Why can’t I balance in tree pose?
Well, there are many prospective components, but one common culprit gets overlooked—and even exacerbated—in yoga classes: maybe your standing foot shouldn’t be parallel.
A sacrilegious statement, I know, but one that is, nevertheless, anatomically relevant to many practitioners.
Here’s the test: Stand in front of a mirror with your feet parallel. That means with your heels disappearing behind the second and third toes. Now check out your knee caps in the mirror. Is one or are both facing slightly inward? (They won’t necessarily face the same exact direction; symmetry doesn’t exist in nature.) If so, you have tibial torsion.
Don’t worry, there’s nothing wrong with you. It just means that your shin bone takes a curved shape. It’s not that uncommon really. But if this description fits your lower leg, then in order to place your feet parallel, you’ll have to rotate your thigh inward. And balancing on an internally rotated thigh just isn’t terribly stable.
In order for your thigh to be neutral in the hip socket, you’ll need to turn your foot out a tad. Just enough so that the knee cap points forward. It’s not a huge adjustment, but it just may make balancing on one foot a heck of a lot easier.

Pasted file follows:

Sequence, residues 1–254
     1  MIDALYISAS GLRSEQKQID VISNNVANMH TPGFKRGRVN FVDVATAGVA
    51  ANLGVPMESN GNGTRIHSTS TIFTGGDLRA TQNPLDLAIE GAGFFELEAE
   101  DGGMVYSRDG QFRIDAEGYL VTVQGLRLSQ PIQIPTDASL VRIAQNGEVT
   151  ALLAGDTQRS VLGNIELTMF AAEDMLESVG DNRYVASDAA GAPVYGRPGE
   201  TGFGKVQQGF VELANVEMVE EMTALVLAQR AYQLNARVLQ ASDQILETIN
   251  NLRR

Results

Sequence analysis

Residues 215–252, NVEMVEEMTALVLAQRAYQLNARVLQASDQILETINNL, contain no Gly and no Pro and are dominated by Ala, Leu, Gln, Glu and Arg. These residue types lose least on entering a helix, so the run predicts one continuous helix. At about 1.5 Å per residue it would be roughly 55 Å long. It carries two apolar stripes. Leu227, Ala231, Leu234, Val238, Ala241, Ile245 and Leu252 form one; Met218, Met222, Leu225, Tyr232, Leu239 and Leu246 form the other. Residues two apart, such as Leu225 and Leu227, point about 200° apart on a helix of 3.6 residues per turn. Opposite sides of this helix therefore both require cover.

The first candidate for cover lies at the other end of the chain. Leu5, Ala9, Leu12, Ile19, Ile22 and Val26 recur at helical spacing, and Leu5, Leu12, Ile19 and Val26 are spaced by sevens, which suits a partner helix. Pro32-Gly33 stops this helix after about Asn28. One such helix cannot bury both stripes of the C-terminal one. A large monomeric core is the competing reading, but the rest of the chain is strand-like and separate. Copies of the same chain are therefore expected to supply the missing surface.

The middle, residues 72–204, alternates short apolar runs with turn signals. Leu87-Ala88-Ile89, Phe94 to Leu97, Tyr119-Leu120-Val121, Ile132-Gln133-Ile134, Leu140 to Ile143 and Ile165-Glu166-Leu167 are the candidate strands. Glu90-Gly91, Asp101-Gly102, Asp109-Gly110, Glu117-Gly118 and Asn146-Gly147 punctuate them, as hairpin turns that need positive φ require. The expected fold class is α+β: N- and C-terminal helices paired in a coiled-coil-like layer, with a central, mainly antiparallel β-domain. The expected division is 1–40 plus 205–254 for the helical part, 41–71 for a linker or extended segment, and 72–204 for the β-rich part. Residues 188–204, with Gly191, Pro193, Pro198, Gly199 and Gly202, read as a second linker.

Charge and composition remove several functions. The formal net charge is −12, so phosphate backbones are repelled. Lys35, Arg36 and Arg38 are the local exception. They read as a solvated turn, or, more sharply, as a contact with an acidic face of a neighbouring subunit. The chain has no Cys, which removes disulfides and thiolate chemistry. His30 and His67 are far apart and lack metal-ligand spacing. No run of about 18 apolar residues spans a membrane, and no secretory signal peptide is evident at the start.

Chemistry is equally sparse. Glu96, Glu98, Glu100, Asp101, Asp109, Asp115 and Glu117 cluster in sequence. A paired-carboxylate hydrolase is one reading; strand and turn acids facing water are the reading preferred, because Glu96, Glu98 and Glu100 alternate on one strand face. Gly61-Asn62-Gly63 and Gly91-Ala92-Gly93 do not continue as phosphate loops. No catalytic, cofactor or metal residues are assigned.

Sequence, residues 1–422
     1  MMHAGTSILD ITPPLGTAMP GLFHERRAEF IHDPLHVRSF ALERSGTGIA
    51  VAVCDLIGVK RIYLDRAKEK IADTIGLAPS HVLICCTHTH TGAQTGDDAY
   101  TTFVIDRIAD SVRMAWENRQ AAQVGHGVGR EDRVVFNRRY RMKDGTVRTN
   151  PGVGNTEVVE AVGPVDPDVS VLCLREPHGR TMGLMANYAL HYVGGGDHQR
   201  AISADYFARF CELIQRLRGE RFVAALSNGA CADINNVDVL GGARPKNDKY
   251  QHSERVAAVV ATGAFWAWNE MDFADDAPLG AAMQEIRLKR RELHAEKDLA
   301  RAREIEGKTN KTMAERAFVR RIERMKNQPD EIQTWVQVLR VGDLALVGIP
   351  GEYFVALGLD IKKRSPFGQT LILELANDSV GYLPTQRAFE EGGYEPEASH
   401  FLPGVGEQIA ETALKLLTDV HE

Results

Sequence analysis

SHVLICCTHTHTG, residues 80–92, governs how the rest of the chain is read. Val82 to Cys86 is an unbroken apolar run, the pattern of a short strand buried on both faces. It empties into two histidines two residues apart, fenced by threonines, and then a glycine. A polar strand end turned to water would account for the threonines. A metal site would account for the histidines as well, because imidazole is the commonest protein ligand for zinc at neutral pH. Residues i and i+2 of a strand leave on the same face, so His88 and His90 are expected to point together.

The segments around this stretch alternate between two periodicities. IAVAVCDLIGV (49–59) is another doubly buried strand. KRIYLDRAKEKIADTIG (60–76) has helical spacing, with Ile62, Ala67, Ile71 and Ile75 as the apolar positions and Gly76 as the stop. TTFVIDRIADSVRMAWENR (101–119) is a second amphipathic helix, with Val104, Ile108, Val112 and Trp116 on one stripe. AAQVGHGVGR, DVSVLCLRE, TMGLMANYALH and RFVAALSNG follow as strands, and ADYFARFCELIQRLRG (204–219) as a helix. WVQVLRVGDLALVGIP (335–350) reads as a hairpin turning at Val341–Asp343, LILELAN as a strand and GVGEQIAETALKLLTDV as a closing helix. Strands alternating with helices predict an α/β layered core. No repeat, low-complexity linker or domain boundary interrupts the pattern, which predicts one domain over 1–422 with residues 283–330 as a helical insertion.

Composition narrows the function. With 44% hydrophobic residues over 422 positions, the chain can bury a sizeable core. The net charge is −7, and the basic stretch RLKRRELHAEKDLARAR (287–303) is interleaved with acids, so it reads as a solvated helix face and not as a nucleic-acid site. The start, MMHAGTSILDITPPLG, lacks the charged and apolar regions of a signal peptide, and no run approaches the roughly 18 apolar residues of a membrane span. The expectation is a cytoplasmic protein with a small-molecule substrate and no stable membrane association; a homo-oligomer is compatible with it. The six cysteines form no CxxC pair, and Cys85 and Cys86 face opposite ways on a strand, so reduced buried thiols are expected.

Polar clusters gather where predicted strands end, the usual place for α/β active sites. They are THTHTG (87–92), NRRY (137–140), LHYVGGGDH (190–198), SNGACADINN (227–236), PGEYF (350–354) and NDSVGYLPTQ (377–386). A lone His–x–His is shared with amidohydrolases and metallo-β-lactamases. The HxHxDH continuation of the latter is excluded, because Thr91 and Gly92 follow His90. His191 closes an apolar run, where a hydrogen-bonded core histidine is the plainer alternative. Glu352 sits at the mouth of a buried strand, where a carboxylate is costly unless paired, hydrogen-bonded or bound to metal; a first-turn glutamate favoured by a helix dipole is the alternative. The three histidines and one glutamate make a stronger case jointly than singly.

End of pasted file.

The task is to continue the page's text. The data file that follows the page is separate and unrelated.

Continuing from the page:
Depending on your bone structure, balancing becomes far more straightforward when your foot isn’t, well, straight forward!
Jennie Cohen was first introduced to yoga through dance, and her work with Simonson technique informs her approach to teaching yoga: classes prioritize working safely and address the needs of different students. Precise instruction and focused sequencing invite students to delve into the intricacies of postures and to explore a sense of adventure. Jennie’s interest in anatomy and her studies of the texts that form the philosophical foundation of the practice infuse her classes. Jennie is 500-hour certified through YogaWorks and has studied anatomy with Irene Dowd and Leslie Kaminoff. For more information on Jennie, visit her website or like her on Facebook.